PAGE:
Mental Health Parity: A Tale of Two Bills From the Same Family

Dinner conversation with the Kennedys would be interesting these days, as Sen. Edward M. Kennedy (D-MA) and his son, Rep. Patrick J. Kennedy (D-RI) are advocating differing mental health parity bills. These related members of Congress both seek a law that would provide people with mental or substance abuse disorders the same benefits from their health plans as those who suffer from physical illness. Currently, insurers and health care providers may offer lesser benefits to those who suffer from non-physical ailments. Although the two Kennedy bills share a common goal, their provisions are very different.

Sen. Kennedy, along with Sen. Pete V. Domenici (R-NM) and Sen. Michael B. Enzi (R-WY), is sponsoring the 'Mental Health Parity Act of 2007.' To increase support for the bill, the concerns of employers and insurance companies were taken into consideration during the bill's drafting, and a Senate committee recently approved the measure by a vote of 18 to 3.

Meanwhile, Rep. Kennedy and Rep. Jim Ramstad (R-MN) are promoting 'The Paul Wellstone Mental Health and Addiction Equity Act,' named for the late Minnesota Senator who promoted the legislation before his death in a plane crash in 2002. The House bill has not received much support from the business sector but is backed by 60 percent of House members.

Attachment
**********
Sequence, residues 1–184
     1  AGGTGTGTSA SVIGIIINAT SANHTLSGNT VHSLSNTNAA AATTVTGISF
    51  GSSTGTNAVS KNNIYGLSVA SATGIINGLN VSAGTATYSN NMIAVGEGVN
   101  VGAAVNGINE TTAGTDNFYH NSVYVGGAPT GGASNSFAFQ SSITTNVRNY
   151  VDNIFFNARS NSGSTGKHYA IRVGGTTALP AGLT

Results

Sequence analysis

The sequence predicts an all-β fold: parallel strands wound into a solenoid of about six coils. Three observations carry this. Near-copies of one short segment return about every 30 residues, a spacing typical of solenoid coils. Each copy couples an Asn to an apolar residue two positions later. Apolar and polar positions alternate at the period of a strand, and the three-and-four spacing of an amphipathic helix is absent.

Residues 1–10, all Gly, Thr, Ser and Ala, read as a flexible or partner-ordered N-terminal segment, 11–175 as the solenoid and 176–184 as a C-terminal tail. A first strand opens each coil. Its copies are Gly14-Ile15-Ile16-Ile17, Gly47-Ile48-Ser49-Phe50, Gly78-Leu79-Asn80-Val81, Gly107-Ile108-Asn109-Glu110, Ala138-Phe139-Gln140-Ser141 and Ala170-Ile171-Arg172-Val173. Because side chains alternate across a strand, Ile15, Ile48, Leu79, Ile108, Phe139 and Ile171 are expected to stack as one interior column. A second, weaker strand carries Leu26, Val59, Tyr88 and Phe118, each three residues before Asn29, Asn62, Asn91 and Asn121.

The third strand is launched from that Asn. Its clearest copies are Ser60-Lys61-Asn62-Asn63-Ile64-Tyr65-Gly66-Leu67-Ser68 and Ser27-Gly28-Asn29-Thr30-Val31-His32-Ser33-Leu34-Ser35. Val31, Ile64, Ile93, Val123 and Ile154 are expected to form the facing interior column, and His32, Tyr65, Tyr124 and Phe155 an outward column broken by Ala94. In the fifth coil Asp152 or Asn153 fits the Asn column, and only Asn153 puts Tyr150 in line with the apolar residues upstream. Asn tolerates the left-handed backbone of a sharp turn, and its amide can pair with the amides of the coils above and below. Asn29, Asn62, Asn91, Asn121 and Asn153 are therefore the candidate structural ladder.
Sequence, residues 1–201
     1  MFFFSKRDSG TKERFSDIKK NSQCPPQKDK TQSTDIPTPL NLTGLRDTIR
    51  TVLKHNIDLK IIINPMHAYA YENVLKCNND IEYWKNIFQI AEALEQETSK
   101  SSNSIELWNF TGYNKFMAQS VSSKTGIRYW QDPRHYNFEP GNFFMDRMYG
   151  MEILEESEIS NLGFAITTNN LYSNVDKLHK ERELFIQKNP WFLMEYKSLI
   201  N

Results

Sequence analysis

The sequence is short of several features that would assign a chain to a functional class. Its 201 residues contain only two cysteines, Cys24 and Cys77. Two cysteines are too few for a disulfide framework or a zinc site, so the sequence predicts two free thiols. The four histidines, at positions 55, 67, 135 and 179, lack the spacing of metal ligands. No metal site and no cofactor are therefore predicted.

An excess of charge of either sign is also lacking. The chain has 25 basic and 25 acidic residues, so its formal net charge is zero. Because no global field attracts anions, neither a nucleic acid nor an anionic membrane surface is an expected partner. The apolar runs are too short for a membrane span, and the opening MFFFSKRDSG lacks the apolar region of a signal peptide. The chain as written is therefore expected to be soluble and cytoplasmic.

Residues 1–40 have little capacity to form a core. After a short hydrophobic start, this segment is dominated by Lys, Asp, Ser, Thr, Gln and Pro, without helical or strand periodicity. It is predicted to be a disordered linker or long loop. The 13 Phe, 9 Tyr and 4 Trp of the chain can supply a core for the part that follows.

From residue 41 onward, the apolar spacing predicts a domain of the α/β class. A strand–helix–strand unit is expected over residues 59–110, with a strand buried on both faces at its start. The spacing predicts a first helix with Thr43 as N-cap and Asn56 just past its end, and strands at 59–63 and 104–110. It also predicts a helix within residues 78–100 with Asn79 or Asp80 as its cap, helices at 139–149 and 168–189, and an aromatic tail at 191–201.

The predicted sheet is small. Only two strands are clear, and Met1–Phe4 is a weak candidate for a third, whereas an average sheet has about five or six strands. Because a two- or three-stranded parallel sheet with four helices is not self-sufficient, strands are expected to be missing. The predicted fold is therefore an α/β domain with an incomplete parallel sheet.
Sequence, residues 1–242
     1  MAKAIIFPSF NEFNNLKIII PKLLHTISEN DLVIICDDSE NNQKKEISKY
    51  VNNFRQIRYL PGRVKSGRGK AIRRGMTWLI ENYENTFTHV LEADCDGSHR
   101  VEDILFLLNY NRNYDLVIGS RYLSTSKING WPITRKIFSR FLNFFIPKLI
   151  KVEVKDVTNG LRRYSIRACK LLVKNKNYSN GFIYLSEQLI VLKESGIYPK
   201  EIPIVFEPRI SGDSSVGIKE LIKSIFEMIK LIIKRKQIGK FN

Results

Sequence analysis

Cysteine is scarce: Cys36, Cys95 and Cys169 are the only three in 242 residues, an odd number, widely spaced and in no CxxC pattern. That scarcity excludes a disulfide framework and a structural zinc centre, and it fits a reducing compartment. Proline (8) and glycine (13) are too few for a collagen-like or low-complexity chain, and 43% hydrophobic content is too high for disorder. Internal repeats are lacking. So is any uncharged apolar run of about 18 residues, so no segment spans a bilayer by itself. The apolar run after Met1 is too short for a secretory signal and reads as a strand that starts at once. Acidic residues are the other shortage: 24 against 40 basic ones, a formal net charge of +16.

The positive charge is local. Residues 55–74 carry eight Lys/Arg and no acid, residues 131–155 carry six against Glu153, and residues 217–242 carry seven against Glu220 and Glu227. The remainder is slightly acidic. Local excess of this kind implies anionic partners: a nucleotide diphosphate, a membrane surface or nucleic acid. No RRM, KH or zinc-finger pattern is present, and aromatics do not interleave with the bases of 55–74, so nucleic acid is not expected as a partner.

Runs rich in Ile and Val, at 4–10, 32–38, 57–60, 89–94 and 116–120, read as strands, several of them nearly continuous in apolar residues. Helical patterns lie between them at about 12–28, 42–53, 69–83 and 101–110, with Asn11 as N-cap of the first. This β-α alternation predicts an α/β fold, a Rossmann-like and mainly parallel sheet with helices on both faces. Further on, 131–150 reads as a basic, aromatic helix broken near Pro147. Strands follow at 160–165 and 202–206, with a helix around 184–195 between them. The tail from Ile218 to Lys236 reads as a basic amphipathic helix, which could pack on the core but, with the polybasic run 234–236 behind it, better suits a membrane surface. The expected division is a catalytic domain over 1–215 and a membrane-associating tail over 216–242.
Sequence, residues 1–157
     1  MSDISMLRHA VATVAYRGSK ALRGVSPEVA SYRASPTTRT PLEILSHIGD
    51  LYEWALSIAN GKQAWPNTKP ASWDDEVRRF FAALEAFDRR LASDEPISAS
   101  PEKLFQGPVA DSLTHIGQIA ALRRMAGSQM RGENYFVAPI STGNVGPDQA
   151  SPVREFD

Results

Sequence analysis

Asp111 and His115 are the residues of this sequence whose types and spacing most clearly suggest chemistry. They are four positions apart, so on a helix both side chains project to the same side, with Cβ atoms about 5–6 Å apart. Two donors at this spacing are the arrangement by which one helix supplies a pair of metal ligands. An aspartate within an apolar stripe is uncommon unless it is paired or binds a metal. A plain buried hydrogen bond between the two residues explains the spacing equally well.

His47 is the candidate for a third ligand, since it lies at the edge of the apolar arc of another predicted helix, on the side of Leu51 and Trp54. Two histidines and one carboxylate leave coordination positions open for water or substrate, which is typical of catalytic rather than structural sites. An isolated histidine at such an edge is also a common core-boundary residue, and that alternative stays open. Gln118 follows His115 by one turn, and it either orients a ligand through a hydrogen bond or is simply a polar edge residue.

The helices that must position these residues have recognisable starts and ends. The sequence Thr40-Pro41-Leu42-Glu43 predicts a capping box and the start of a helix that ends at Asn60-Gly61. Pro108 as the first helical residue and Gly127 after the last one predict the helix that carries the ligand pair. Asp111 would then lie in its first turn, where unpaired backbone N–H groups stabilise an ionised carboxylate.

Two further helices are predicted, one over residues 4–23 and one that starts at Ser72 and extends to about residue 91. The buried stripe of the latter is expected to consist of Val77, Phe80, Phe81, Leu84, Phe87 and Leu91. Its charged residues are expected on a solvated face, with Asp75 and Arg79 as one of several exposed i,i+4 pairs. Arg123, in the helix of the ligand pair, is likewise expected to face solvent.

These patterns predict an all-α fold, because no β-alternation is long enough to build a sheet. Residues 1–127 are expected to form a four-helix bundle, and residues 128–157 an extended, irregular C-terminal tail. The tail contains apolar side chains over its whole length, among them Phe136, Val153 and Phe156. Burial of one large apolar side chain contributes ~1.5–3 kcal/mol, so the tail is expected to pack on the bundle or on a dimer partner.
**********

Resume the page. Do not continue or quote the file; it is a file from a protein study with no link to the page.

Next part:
Both the House and the Senate bills would apply to group health plans that cover 50 people or more. The House bill requires health plans offering mental health benefits to cover the same mental illnesses and addiction disorders that are covered in the health program that covers the members of Congress, the Federal Employees Health Benefit Program. The Senate bill, on the other hand, leaves it up to employers to decide which mental disorders they would cover. Thus, the House bill would offer broader access to treatment for alcoholism and drug abuse, a difference that the younger Kennedy believes is a weakness in his father'™s bill.

The House bill also eliminates differences in co-payments, deductibles and out-of-pocket limits between mental health and medical or surgical benefits. For example, if a co-payment for a high blood pressure drug is $10, then a co-payment for an antidepressant drug must also be $10. Or, if a health plan offers unlimited doctor visits for colds or broken bones, then there cannot be a cap on the number of therapy sessions that would be covered.

Another difference between the bills is how they affect related state laws. Where the House'™s bill allows states to set stronger laws and protections if they wish, under the Senate'™s bill a state'™s law would be preempted by the federal mental health parity law. Currently, 48 states have some form of parity laws enacted. reported recently that supporters of mental health parity legislation "are optimistic that with Democrats in power in the House and Senate, a final bill will reach President Bush this Congress.' This echoes Sen. Kennedy, who the The New York Times reports is "confident that he and his son could resolve their differences," quoting the Senator as saying, "We will find ways of working together.' Amednews stated that 'Bush has not commented on the legislation but has supported mental health parity in general.'

To read the House bill, go to:

To read the Senate bill, go to: .

For more on the Federal Employees Health Benefit Program, go to:

To read the article, go to: Article Last Modified: 04/10/2007